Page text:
Despite possible recession, Canadians want to switch jobs: survey

Despite economic uncertainty and high inflation, a recent survey by business consultancy Robert Half found that as many as Half of Canadians plan to change jobs in the coming year.

According to Robert Half’s semiannual Job Optimism Survey, 50 percent of the 1,100 professionals surveyed said they were currently looking for a new job or planned to look for a new one in 2023.This is a 31% increase compared to six months ago.

When it comes to who is most likely to change jobs, the survey revealed that more than half of Gen Z and Millennial employees plan to find another job. The industry most likely to be impacted is technology, with 57% of professionals saying they would be concerned, according to the research.

According to Robert Half, 61% of employees who have worked at the same company for two to four years and 55% of working parents say they plan to change jobs in the next year.

“Despite news of layoffs and slowing hiring, many Canadian workers continue to have confidence in the job market,” David King, senior managing director at Robert Half, said in a news conference Wednesday.

The main and biggest reason Canadians look for new jobs is money, suggesting that economic uncertainty and inflation are exactly why workers are looking elsewhere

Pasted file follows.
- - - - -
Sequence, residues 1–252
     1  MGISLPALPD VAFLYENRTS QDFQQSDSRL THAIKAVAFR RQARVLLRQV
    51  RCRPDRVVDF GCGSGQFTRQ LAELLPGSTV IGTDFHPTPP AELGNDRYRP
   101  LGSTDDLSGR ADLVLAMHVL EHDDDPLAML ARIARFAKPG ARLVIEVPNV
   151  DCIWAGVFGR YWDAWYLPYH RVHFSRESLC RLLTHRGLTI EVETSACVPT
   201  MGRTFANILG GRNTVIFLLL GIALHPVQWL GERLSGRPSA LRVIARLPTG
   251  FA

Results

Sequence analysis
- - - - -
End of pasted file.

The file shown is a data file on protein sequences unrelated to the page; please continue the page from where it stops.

According to the survey, 62% of the respondents said they would like to change jobs to get a higher salary, while 39% of the respondents said they would like to get better benefits and allowances in their new jobs.

Better promotions and opportunities are the reason for leaving their current job for 30% and 27% want more flexibility in deciding when and where they work.

The biggest reasons job seekers lose interest in a position are unclear or unreasonable job responsibilities (55 percent), poor communication from the hiring manager (46 percent), and misalignment with company culture or values ​​(35 percent).

“While we don’t know what the future holds as the labor market continues to evolve, prioritizing employee wellbeing, engagement and recognition will always be critical to attracting and retaining valuable talent,” King added.

Interest in contracting work has increased, with 29% of surviving professionals considering quitting their jobs to pursue full-time contracting, according to the survey. One in 10 professionals said they would return to their previous employer if the offer was equal to or higher than their current income.

Robert Half said it surveyed more than 1,100 employees aged 18 or older at finance, technology, marketing and creative, legal, administrative and customer support, human resources and other firms. Respondents were surveyed online between October 17 and November 7.

Reporting on this story was paid for through the Meta-funded Afghanistan Resident Correspondents Program.

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